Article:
GC to decrease enrollment

Jenna Ross

In her first semester at the General College, Shelley Guthrie gave birth to a child and earned a 3.0 grade point average.

Guthrie, now a sociology senior, said the General College’s support system led to her current success; she is graduating after four years and is applying to law school.

She said she takes offense at the University decreasing the General College’s enrollment from 875 to 800 students over the next three years. Each year the college will decrease its enrollment by 25 students.

“I can’t imagine what it would be like to be one of those 25 refused,” Guthrie said.

The General College is the only college admitting first-year students that is decreasing enrollment for the next school year.

Fewer enrollees will increase the quality of education for General College students who often come from low socioeconomic backgrounds, said Craig Swan, vice provost of undergraduate education.

“It’s a balance,” Swan said. “We match the number of students to our ability to provide them with a quality education.”

Swan said focusing on fewer students will help the college increase retention rates. Students who enter the General College transfer to another University college to receive a degree.

College deans and faculty meet with the University’s administration and the admissions office to set enrollment targets each year.

Swan said General College Dean David Taylor and the regents have been talking about reducing the college’s enrollment for at least a year.

“This didn’t happen yesterday,” Swan said.

Colleges must evaluate their resources and available space when making decisions about enrollment, General College Associate Dean Avelino Mills-Novoa said.

“The entire University is struggling with space issues,” Mills-Novoa said. “We’re kind of landlocked here.”

While the General College decreases its enrollment size, the University will increase its total enrollment target from 5,200 to 5,300 for the 2004-05 school year.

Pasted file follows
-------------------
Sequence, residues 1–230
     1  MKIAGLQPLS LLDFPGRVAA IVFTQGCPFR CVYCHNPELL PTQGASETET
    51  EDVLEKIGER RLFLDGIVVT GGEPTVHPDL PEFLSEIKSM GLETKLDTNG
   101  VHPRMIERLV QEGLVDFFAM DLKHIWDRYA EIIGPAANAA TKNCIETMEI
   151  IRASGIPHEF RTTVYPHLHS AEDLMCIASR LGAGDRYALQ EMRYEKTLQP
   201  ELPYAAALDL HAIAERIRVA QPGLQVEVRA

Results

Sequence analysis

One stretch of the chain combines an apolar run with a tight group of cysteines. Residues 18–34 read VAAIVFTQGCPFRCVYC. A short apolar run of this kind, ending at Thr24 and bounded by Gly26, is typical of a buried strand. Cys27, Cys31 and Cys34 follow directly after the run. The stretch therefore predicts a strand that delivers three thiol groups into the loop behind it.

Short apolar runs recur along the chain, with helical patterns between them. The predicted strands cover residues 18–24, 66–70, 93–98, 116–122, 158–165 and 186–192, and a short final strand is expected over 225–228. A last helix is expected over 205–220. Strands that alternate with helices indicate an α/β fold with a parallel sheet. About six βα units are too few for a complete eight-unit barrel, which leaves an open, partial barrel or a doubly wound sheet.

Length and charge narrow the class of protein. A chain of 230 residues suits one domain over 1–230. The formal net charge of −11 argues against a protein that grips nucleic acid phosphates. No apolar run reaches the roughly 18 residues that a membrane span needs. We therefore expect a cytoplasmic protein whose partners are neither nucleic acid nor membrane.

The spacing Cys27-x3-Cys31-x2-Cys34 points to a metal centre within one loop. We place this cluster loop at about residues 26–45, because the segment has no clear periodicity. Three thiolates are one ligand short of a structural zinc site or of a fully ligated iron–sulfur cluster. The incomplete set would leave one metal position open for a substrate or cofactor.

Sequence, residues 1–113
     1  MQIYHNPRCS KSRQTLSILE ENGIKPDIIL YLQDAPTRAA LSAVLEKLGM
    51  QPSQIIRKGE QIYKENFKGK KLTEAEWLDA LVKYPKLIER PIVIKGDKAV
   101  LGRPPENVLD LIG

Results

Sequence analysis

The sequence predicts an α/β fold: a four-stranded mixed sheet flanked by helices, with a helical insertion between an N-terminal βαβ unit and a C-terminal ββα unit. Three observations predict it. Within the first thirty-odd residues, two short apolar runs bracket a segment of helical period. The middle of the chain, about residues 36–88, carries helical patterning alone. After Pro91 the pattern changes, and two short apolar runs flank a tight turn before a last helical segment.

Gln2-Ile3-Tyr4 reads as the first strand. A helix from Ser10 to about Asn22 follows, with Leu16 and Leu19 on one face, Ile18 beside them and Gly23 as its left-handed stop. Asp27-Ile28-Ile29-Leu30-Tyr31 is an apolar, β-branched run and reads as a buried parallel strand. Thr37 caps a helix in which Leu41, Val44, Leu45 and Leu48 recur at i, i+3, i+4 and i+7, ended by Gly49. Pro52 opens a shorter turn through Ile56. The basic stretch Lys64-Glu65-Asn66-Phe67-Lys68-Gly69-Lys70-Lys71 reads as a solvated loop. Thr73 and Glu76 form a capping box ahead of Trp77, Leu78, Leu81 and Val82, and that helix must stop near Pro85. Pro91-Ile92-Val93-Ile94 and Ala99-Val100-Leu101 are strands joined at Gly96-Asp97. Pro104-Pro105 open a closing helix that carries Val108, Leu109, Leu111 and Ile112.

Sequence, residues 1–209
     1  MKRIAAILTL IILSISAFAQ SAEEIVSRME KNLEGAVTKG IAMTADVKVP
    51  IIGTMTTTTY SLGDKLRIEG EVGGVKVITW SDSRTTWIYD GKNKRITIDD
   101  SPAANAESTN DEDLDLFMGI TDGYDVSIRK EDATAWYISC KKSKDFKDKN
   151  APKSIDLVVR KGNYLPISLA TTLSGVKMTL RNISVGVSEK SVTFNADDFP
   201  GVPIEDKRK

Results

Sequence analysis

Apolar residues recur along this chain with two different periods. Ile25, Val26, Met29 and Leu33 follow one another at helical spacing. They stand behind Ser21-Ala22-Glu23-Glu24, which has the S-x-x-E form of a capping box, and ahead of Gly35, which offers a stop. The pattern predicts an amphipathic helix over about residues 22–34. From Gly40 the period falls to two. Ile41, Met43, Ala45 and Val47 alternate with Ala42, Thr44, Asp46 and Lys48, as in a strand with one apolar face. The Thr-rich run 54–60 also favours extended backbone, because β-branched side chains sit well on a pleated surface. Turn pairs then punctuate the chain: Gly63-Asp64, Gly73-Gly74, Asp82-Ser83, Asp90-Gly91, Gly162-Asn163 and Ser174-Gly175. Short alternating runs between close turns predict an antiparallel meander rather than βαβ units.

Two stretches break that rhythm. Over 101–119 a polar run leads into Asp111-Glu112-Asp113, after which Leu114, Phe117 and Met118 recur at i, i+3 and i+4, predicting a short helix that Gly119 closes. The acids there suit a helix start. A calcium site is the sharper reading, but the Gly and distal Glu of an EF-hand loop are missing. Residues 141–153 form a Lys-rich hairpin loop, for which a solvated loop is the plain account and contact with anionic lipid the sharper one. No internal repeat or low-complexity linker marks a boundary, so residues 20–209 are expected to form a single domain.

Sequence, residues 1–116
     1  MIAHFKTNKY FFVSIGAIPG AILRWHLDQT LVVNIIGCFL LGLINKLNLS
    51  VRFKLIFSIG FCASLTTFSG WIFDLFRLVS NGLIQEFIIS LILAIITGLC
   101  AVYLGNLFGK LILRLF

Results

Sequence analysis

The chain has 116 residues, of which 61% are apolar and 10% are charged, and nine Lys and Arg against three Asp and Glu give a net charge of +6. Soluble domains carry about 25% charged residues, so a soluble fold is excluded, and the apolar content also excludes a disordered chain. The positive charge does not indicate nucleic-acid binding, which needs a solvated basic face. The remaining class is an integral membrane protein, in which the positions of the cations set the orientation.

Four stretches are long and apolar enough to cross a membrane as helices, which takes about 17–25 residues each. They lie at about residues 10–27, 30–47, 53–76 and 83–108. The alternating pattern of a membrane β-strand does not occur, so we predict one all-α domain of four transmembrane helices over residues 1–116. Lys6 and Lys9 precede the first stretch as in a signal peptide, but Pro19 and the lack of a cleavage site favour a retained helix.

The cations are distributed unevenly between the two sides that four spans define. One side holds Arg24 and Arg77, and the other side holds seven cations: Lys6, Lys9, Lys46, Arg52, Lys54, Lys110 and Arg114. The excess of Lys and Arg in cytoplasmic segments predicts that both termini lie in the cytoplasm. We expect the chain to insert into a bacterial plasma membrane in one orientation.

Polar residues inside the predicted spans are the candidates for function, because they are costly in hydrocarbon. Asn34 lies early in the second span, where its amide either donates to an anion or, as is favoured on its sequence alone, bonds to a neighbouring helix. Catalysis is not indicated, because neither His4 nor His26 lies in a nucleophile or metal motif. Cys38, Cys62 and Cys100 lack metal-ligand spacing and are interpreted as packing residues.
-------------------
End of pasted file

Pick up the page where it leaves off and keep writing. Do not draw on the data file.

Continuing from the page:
The College of Liberal Arts plans to increase its first-year student class by 100 students, a move that accounts for the University’s total enrollment increase, said Wayne Sigler, Office of Admissions director.

The College of Biological Sciences and the College of Agricultural, Food and Environmental Sciences will both increase their first-year student enrollment by fewer than 25 students.

While Sigler said the Carlson School of Management is looking to increase in size, the school’s officials said that change would be in two to four years.

Swan said colleges are constantly evaluating and adjusting the number of students they admit.

“We’re looking four to five years in advance.”

Faculty have input throughout this process, Sigler said.

Some General College staff said they disagree with the college decreasing enrollment.

“I have seen huge successes here in GC,” said Susan Warfield, academic adviser in the college. “It breaks my heart that some of these students might not be given that opportunity.”

General College professor Irene Duranczyk agreed.

“We provide for students who are inadequately prepared, not because of their own lack of ability, but because of other socioeconomic factors,” Duranczyk said. “We should continue to service that part of the community.”

The college is getting smaller so other colleges can get larger, Duranczyk said.

Swan said the relationship between college sizes is not that simple.

“Our cap is a soft cap rather than a hard cap,” Swan said. “We don’t necessarily move mechanically.”